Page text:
6. In view of the previously inadequate treatment of the massive fortifications of Castle Camps and the existence of an unrecognized deserted village adjacent to it, the whole complex has been re-examined. The castle lies near the SE end of Castle Camps parish in a now remote situation and in a position of no strategic importance and little tactical strength. It is entirely on Boulder Clay about 380ft above OD at the end of a low NW projection spur between two small valleys. The castle commands extensive views to the N, E and W, but is overlooked by the rising ground to the SE. The main feature of the site is a very large motte, whose flat top covers just over an acre. It is encircled by a wide ditch 10 - 15ft deep on all but the SE side, where it has been completely filled in. The motte is level with the ground to the SE but stands 10ft above that to the NW (Profile A - B). It is now entered by a wide causeway in the NW side, but this is a Mod replacement for a bridge which is alleged to have existed until relatively recently. To the NW of the motte are the much mutilated remains of a small bailey. Only the SW side of this is still complete as a deep ditch with a large outer bank (Profile C - D). However, slight remains of the rest of the filled in ditch indicate that it curved NE, ran through the present churchyard and passed under the existing church before turning SE to meet the ditch of the motte. Part of the junction of the bailey ditch with that of the motte still survives. Beyond this inner bailey is a much larger outer bailey, bounded by a rampart and a deep outer ditch (Profile E - F). This is virtually intact, except to the NW of the church where the ditch has been filled in. Within this outer bailey are various low scarps and platforms, some undoubtedly the sites of former buildings. Beyond the outer bailey to the SW are traces of a low bank, only 1ft high, which continues in a NW direction beyond the castle. This castle, the largest Medieval fortress in the county, was undoubtedly built by Aubrey de Vere, soon after the Norman Conquest, as the administrative centre of his large estate. This included not only Castle Camps itself, but land in Babraham, Abington, Hildersham, Horseheath, Wilbraham and elsewhere, as well as other lands in Essex. The date of the enlargement of the bailey to its present form is unknown. There are records of work being carried out in the castle between 1265 and 1331, and it has been suggested that this could refer to the construction of the new bailey. This is, however, by no means certain. The fact that the present parish church is partly over the ditch of the first bailey means that it could not have been built until that bailey was out of use. However the church is almost entirely C15 and therefore can hardly be used to date the extension of the castle, which must have taken place well before this. There is a reset C13 priest's door in the S side of the chancel, and this, together with a C13 font, suggests the existence of an earlier church in the area, but not necessarily on the exact site of the present one. No record exists of the castle ever being used for military purposes, and it remained largely a private residence for the De Veres throughout the Medieval period. It was sold in 1558 to Thomas Skinner, a London merchant, and later passed to Charterhouse, in whose hands it still remains. There is no trace of any Medieval building in situ on the motte, except for a small piece of flint walling near the NE angle of the house. Within the garden are two large pieces of Barnack type stone, one of which is part of a moulded cornice which may be Med. On an engraving of 1730 a high tower and a large gabled range, probably of C16 date, are depicted. The tower fell down in 1738 and soon afterwards the existing farm, an L-shaped mid C18 structure was erected, which was then altered in the late C18 or early C19. The garden wall to the NE of the house is largely of C16 or C17 brick.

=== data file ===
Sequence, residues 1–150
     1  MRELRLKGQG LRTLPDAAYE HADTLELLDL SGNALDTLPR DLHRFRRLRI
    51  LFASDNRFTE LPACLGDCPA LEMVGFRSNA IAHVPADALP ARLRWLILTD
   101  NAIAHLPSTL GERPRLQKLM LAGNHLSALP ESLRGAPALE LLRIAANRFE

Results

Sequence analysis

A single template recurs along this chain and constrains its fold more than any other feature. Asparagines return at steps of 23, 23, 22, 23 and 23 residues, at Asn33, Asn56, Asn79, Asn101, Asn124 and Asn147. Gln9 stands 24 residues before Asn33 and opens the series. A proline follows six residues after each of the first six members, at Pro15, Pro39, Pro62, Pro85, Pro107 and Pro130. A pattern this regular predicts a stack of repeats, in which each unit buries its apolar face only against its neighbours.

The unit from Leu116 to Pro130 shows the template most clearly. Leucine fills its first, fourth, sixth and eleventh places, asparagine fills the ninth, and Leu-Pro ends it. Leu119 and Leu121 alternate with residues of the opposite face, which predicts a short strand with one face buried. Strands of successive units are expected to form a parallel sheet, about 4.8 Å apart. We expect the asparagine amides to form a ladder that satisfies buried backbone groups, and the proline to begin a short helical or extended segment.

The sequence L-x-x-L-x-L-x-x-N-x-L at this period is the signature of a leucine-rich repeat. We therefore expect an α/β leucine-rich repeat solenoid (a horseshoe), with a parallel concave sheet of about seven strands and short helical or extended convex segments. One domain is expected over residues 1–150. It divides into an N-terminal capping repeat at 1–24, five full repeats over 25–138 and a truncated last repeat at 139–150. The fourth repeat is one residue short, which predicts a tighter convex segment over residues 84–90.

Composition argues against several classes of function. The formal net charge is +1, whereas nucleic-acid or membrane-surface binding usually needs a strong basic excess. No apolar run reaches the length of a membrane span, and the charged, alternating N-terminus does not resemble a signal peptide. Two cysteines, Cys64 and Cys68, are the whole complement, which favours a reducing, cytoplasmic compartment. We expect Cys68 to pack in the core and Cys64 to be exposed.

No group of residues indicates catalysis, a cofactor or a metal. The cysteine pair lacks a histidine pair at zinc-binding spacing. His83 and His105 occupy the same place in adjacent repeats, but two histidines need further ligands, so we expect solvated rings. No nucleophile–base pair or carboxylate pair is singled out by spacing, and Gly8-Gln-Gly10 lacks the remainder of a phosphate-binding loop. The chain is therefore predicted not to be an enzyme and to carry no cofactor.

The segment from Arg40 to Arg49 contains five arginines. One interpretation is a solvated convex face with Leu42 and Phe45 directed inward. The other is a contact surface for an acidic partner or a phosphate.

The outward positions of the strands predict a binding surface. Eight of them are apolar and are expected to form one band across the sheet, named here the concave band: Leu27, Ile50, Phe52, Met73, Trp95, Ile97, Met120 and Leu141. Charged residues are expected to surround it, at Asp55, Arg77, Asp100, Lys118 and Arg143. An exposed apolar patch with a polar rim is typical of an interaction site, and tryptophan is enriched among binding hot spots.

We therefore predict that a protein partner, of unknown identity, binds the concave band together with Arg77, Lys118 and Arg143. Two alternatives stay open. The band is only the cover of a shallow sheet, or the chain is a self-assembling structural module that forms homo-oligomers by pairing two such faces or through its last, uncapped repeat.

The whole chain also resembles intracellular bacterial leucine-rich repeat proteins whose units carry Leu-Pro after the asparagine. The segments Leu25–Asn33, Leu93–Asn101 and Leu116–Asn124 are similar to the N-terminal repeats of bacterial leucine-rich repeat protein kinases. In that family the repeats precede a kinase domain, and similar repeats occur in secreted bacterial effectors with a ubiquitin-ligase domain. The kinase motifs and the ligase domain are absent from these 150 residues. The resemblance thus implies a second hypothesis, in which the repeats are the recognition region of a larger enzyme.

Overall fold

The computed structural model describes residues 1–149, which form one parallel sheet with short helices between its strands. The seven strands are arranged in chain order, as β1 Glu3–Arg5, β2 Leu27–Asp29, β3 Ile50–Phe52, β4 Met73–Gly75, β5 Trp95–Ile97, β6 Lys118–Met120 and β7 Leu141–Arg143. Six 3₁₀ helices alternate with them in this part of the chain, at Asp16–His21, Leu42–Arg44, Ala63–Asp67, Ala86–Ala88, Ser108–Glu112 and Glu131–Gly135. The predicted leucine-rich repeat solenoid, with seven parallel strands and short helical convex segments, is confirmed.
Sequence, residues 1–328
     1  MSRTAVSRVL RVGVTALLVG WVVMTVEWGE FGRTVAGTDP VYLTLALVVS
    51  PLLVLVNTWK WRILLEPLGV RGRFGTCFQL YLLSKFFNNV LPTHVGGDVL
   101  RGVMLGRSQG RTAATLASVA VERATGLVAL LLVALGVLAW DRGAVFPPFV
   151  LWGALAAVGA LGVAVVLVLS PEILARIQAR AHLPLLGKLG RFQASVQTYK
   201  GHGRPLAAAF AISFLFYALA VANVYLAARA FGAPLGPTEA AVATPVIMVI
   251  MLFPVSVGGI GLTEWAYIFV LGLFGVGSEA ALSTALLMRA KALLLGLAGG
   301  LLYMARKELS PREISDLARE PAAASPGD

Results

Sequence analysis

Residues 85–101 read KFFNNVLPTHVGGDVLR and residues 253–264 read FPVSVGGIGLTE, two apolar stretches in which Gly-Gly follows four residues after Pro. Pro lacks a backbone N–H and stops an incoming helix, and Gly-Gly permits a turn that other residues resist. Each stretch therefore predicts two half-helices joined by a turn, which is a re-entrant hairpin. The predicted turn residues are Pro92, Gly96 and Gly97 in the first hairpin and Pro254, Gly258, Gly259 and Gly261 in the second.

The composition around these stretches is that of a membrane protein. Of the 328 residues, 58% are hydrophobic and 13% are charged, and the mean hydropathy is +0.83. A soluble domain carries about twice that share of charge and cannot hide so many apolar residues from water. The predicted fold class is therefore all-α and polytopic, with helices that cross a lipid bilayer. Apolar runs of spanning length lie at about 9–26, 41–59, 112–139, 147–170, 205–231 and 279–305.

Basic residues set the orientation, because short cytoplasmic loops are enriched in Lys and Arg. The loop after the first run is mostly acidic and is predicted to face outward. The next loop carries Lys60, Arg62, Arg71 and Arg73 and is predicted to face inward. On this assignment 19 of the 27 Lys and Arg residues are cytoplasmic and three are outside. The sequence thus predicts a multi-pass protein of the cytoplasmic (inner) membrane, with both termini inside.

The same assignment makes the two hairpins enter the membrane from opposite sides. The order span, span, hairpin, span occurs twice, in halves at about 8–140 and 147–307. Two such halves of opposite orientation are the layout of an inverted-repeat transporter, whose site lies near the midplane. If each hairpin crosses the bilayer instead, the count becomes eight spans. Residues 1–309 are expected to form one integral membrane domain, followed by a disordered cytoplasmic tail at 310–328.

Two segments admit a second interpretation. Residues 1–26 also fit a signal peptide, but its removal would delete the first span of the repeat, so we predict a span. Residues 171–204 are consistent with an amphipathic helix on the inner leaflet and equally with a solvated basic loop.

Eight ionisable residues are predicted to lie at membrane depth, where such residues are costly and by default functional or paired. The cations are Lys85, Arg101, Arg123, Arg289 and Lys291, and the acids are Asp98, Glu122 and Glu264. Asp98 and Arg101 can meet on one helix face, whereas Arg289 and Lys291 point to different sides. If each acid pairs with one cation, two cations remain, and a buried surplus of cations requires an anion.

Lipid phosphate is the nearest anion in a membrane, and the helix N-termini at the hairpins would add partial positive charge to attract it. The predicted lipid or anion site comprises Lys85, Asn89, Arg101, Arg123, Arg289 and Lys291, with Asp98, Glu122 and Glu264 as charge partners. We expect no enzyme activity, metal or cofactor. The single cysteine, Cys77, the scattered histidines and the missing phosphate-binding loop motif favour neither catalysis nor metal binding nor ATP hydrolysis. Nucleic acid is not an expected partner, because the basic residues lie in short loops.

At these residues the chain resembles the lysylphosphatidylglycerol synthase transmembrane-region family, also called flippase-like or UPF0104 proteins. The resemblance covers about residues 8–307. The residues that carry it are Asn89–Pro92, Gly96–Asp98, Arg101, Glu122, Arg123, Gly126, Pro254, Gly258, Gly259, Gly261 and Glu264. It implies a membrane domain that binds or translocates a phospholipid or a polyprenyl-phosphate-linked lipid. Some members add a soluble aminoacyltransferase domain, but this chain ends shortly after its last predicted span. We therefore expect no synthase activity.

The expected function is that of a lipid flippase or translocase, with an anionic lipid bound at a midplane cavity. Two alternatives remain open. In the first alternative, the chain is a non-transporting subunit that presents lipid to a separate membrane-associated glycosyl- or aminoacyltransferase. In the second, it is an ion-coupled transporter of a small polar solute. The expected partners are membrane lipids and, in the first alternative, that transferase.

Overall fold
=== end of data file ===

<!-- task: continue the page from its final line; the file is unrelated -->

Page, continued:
4. This was the property of the Vere Earls of Oxford from C11 to late C16. The castle with a circular keep was built c 1068. A 4 storey brick tower was added in late C15, to which was attached a substantial house which was rebuilt in late C16 with a 4 bay gabled front. In 1607 it was bought by the immensely rich money lender Thomas Sutton, who eventually gave it to his foundation, the London Charterhouse. It became decayed and fell down c 1738, though its appearance is recorded in an engraving by Buck. The Charterhouse built a farmhouse on the site which was itself rebuilt in C19. Today nothing survives of the castle but some earthworks and a fragment of a rubble wall.